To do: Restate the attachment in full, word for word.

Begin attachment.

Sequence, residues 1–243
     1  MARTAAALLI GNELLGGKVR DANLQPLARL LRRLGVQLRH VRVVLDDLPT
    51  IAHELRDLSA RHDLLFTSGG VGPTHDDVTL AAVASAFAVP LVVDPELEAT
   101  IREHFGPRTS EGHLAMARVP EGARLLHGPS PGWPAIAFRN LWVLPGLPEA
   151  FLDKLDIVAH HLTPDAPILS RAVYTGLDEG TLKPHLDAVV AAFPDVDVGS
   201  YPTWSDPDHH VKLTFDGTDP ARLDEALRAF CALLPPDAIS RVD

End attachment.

Sequence, residues 1–243
     1  MARTAAALLI GNELLGGKVR DANLQPLARL LRRLGVQLRH VRVVLDDLPT
    51  IAHELRDLSA RHDLLFTSGG VGPTHDDVTL AAVASAFAVP LVVDPELEAT
   101  IREHFGPRTS EGHLAMARVP EGARLLHGPS PGWPAIAFRN LWVLPGLPEA
   151  FLDKLDIVAH HLTPDAPILS RAVYTGLDEG TLKPHLDAVV AAFPDVDVGS
   201  YPTWSDPDHH VKLTFDGTDP ARLDEALRAF CALLPPDAIS RVD